My Week so far…

It’s getting colder as the winter draws in. Have you put your heating on yet? I’ve had to as well …

© Krumal Padhiar

Unfortunately the only way to keep warm, also means a lot of our shelters end up burning down … along with all our possessions.

© Caroline Gregory – Jungle Camp – Calais

I suppose when that happens to you, ambulances come along with the fire engines to put out the fires and to help you with your injuries? We have a bit of a different reaction to our needs here in the camp, volunteers have to carry screaming people with serious burns across dodgy terrain in the middle of the night because the police are blocking ambulances. The noises and screams of my neighbours haunt me, even in my waking state.

I know you may think we are silly to risk our live’s like this but, I would have said the same when I was warm and safe at home in my house. But these days we have to choose between freezing to death or risking death by fire as we try and keep our children as warm as we can. There have been many child born in the Jungle since I arrived. I fear for their futures, their hopes and their lives. This is no place for children… what can I do?

‘My wife just gave birth to our child in the jungle, she’s two weeks old”, he smiles

© Krumal Padhiar

I bet it’s great to come home at the end of your work day and cook something nice to eat or perhaps you don’t fancy cooking today – get a takeaway instead? We have a few kitchens that help us with our ONE meal a day. The wonderful One Spirit Ashram Kitchen in the Calais Jungle helps us. We have to wait patiently in the rain, wind and cold to queue up for our one serving a day – that is our takeaway – everyday.


Unfortunately they only have enough funds to feed us a few times a day. But we are grateful. The hunger pains in my stomach are terrible some days.  I can cope, but watching my children cry from being so hungry freezes me with terror as I have no idea how long they can go on like this in the cold as the winter takes hold.

© Krumal Padhiar

The thing I loved most when I was at home, was to have a long soak in the bath. Especially at the end of the working day. I bet you like that too? Washing away all the tension and stress.

“Garbage is rotting and spreading like a plague, though we stand in pride, drink and wash ourselves under these cold taps even when it is not clean for consumption”

© Krumal Padhiar

It’s slightly different now … we have a few taps in the Jungle. Although a  recent environmental health assessment carried out by the University of Birmingham – Arshad Isakjee, Surindar Dhesi, Thom Davies recorded …

“The piped water from the tap nearest to the Jules Ferry Centre had E coli and Coliform bacteria present above safe standards, based on European Commission Regulation (EC) 2073/2005 on microbiological criteria for foodstuff. These bacteria are indicative of faecal contamination”.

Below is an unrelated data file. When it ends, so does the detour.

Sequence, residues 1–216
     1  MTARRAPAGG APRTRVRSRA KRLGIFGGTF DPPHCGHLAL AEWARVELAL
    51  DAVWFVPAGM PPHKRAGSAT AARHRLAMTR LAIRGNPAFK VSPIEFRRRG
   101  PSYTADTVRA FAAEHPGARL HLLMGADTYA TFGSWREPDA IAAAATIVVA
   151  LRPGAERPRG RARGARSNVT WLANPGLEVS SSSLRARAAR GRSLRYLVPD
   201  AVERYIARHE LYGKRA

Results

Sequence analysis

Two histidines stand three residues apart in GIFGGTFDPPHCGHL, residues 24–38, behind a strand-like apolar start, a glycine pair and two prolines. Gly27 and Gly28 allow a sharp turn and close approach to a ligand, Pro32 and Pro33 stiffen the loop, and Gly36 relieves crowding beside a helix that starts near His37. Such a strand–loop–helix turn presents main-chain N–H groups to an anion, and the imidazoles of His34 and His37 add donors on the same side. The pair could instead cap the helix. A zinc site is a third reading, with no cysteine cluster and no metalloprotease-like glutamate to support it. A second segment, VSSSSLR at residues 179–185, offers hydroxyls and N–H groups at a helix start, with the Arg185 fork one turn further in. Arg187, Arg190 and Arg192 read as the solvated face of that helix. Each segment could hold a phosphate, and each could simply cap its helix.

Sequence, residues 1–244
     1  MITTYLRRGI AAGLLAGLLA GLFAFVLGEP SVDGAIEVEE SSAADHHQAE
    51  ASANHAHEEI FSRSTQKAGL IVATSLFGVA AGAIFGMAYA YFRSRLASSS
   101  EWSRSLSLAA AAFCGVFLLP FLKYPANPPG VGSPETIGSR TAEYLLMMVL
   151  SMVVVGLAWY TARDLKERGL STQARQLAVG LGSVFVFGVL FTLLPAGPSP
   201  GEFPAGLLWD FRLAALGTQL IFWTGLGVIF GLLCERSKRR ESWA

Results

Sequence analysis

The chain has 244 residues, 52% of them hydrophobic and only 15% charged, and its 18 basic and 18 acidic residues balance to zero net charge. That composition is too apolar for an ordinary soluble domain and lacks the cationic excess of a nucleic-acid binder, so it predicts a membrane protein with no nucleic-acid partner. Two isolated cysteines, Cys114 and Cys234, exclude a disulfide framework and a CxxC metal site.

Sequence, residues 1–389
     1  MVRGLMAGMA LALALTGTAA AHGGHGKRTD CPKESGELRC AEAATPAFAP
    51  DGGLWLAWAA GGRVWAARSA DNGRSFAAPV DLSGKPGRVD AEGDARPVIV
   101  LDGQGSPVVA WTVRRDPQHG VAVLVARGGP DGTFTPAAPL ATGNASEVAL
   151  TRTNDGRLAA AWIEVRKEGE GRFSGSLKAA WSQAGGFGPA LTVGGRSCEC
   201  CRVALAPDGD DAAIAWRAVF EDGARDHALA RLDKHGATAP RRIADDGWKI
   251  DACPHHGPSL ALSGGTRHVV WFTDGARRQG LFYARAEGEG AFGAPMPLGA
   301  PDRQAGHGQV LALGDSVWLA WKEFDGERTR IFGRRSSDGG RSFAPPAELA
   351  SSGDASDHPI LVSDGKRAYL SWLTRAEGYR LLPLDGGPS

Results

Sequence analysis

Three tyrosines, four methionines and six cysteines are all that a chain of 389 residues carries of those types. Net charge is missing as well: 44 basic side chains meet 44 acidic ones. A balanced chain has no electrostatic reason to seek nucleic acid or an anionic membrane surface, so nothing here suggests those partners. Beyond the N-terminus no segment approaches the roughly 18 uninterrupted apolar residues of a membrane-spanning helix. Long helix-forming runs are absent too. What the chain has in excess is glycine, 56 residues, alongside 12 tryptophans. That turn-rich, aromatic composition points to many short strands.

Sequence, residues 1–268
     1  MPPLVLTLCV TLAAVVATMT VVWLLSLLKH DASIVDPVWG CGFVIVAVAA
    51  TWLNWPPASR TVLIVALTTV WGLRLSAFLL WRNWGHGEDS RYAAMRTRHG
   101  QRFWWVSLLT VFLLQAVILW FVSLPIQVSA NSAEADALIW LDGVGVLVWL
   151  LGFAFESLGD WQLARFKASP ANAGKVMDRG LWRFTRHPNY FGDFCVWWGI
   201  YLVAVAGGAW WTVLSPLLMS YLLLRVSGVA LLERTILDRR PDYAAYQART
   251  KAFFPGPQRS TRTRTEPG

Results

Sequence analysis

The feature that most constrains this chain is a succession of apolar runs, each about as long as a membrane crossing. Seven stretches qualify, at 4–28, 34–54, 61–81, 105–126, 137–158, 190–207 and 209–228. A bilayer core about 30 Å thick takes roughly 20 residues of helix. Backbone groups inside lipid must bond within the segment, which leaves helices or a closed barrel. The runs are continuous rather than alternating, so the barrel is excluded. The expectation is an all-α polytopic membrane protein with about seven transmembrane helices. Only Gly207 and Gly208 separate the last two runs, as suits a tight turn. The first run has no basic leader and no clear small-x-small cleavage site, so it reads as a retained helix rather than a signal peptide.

I know it’s been really windy too, have you managed to wrap up warm? It’s a little tricky to keep our shelters on the ground, or indeed out of the water…


above and this image © Chloe Le Fay and Rae

Life in the jungle is hard, I won’t lie. It is an incredible challenge every day, feeling like I am somehow not human anymore. That somehow I have become invisible to the world. The volunteers and aid agencies help us meet our very, very basic needs, where they can. But there are many of us, we are still here and have no other way to provide for ourselves the way we did at home. I had my own business there, it was good. Life was good before the war, a war that we did not choose.

I ran from home, leaving all my possessions and my comforts behind, fleeing from a war that is not mine. So that I could be safe, so that I could keep my family safe and give them hope for a better future. But now we have become people’s fear. The media tell them so. Tell’s them that my children and I are bad, but we are just human like you. We are afraid too. Afraid of what will be, when this nightmare will end and we can be safe again.

I remember when I first came to the camp in Calais, I was so traumatised from the journey I was frightened to enter the camp with my children. I thought that would pass and we would eventually find a safe home. I think when you have a time when you cannot cope you see the Dr and maybe a therapist too, no? It helps to be able to talk or find a way to process your emotions, I am told art helps …


Excepts and images with thanks to
Caroline Gregory
Krunal Padhiar
Chloe La Fay and Rae

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